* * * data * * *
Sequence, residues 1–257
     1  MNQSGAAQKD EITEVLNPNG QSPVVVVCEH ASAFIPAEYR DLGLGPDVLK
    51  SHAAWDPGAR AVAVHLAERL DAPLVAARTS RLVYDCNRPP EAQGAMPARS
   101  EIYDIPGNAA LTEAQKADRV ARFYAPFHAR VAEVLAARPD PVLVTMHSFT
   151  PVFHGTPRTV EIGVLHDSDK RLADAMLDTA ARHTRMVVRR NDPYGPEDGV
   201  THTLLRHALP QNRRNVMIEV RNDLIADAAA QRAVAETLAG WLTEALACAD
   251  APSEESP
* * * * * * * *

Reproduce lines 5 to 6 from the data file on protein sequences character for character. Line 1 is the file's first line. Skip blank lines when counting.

   151  PVFHGTPRTV EIGVLHDSDK RLADAMLDTA ARHTRMVVRR NDPYGPEDGV
   201  THTLLRHALP QNRRNVMIEV RNDLIADAAA QRAVAETLAG WLTEALACAD